Use of Mobile Phone Technology in Agricultural Marketing: The Case of Smallholder Farmers in Malawi

Use of Mobile Phone Technology in Agricultural Marketing: The Case of Smallholder Farmers in Malawi

Samson P. Katengeza (University of Malawi, Bunda College, Malawi), Julius Juma Okello (University of Nairobi, Kenya) and Noel Jambo (University of Malawi, Bunda College, Malawi)
Copyright: © 2013 |Pages: 11
DOI: 10.4018/978-1-4666-3607-1.ch008
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Abstract

The mobile phone technology is an important tool to enhance farmers’ access to better paying agricultural markets. The study reports the results of a household study in Mwanza, Dedza and Mzimba Districts of Malawi. The study assesses drivers of adoption of mobile phone technology for agricultural marketing by smallholder farmers. The study used regression techniques to identify drivers and extent of mobile phone use. Results show that use is positively affected by literacy, distance to local market, land size, current value of assets, crop income, and region variations but negatively influenced by access to electricity. Intensity of use is conditioned by gender, participation in agricultural projects, ownership of a mobile phone, current asset value, distance to nearest public phone services, and region variations. Asset endowment plays a critical role in enhancing adoption of mobile phone technology. Gender disparities significantly affect adoption as most women have limited access to assets. The study suggests the need to improve farmers’ access to mobile phones for agricultural marketing. It recommends that government, in collaboration with mobile network operators, should reduce calling tariffs to enhance use, gender disparities in accessing assets should be minimised, and investment in supporting infrastructure must be enhanced.
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1. Introduction

Information and Communication Technology (ICT) is increasingly becoming an important driver of economic growth in developing countries. These tools have become important sources of information in developing countries. Some of the most important ICT tools commonly used as information sources in many sectors of developing country economies include new generation tools such as mobile phones, internet/web-based applications (e.g., e-mails), interactive video and CD-ROM programs as well as the old generation tools namely, the radio and television. The use of these tools enhances information flow among users which enables economic agents to perform economic activities faster by improving access to timely and accurate information (Thompson & Sonka, 1997). Recent studies also suggest that information promotes competition and improves market performance (Katengeza et al., 2011).

Access to information increases the level of transparency and trust among transaction partners which in turn improves the level of economic transactions (Kurtenbach & Thompson, 2000). Thus ICT offers the potential to increase the information flow among agricultural actors hence increasing the transparency of agricultural exchange in agrarian economies such as that of Malawi. It can also facilitate knowledge sharing within and among actors in the agricultural sector such as farmers, researchers, extension service providers, traders, and exporters.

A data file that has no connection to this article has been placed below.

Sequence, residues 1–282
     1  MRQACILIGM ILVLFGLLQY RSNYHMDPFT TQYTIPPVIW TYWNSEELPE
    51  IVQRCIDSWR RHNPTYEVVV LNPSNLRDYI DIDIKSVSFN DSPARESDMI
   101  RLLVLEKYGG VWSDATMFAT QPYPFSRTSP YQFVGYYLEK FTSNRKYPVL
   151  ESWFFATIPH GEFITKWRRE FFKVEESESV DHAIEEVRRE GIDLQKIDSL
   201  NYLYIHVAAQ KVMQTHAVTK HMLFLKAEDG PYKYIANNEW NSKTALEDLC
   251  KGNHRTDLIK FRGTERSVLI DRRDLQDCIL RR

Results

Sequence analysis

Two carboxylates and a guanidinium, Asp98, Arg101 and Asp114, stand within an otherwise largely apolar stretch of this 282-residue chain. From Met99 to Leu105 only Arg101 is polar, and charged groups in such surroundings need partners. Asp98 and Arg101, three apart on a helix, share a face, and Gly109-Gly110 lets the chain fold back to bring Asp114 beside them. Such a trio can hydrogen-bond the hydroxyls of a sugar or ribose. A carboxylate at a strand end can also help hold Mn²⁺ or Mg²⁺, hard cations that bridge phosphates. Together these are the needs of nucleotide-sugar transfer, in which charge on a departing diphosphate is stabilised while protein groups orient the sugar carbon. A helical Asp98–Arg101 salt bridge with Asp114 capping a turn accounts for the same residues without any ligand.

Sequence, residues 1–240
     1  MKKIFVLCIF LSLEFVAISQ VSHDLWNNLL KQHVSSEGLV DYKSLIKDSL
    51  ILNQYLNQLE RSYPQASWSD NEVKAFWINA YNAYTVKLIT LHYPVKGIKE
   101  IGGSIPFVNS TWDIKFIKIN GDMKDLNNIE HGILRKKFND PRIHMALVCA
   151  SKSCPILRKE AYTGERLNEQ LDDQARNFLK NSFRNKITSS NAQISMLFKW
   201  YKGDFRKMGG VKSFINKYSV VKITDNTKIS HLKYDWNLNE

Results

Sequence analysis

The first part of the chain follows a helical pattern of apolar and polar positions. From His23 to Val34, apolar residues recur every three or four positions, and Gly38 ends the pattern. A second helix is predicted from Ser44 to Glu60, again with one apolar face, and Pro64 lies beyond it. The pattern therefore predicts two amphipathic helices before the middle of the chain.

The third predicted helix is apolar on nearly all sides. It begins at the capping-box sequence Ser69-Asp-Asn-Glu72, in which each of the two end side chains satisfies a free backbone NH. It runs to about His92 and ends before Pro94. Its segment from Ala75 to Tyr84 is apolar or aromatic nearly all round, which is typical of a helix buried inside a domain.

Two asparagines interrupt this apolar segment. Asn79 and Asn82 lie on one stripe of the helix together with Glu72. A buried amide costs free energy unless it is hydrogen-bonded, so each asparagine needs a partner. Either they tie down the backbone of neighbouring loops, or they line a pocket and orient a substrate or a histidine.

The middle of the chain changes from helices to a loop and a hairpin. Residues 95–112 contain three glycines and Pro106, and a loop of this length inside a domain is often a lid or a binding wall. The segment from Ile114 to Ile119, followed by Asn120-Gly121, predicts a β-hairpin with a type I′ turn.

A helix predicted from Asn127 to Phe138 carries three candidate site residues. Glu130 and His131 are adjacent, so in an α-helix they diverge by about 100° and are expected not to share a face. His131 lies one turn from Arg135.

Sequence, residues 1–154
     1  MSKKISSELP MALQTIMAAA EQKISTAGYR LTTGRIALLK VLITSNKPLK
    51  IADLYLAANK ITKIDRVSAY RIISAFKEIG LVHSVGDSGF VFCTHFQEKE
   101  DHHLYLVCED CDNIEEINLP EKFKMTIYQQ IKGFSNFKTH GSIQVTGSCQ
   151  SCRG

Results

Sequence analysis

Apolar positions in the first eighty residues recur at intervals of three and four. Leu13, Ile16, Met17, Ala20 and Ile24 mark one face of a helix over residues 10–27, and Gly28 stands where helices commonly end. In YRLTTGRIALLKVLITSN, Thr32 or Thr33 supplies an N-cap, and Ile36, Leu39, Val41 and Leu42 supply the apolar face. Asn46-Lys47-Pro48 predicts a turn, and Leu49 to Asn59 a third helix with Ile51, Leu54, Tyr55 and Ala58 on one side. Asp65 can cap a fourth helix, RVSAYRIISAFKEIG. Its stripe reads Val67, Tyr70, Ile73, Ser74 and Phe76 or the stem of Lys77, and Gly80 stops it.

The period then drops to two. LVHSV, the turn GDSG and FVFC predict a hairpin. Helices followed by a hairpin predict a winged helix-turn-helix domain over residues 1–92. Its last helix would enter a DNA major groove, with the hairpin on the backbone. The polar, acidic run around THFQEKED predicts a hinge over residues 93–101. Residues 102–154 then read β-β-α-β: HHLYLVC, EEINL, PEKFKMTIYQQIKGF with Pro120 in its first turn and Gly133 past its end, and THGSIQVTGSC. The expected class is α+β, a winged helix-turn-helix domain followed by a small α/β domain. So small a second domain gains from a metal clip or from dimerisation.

An increasing number of developing country smallholder farmers have recently embraced the mobile phone technology in order to enhance their access to agricultural markets (Okello et al., 2010). Markets in most developing countries often failed for smallholder farmers who form the majority of agricultural producers (Barrett, 2009). The failure of agricultural markets for smallholder farmers often results from lack of access to information or from the endemic problem of information asymmetry between farmers and buyers (Kydd & Doward, 2004; Poulton et al., 2006). Consequently, majority of smallholder farmers sell their produce in local low-paying markets or at the farm-gate rather than travel to distant better-paying markets (Fafchamps & Hill, 2005). Thus the mobile phone offers smallholder farmers the potential to resolve market failure and increase market participation through access to information on available markets and prevailing market prices.

The decision by farmers to adopt a new technology, such as mobile phone, is a choice between traditional and new technology. Theoretically, a farmer will adopt a new technology if it offers greater benefits than the old technology. Farmers’ decision to adopt a technology or otherwise is especially determined by the profitability of using the new technology and risks associated with it (Aloyce et al., 2000). Once a decision to adopt is made, farmers still face another hurdle which is the degree to which the new technology should be used (i.e., the intensity of use). While many smallholder farmers are turning to the use of new generation ICT tools in agricultural transactions, little is known about the factors driving this behaviour. This study therefore uses the double hurdle methods to examine drivers of adoption of new generation ICT tools by smallholder farmers for agricultural marketing purposes in Malawi. In the first hurdle, it assesses the drivers of decision to adopt new generation ICT tools. The second hurdle then examines the conditioners of degree to which smallholder farmers use these tools for agricultural marketing.

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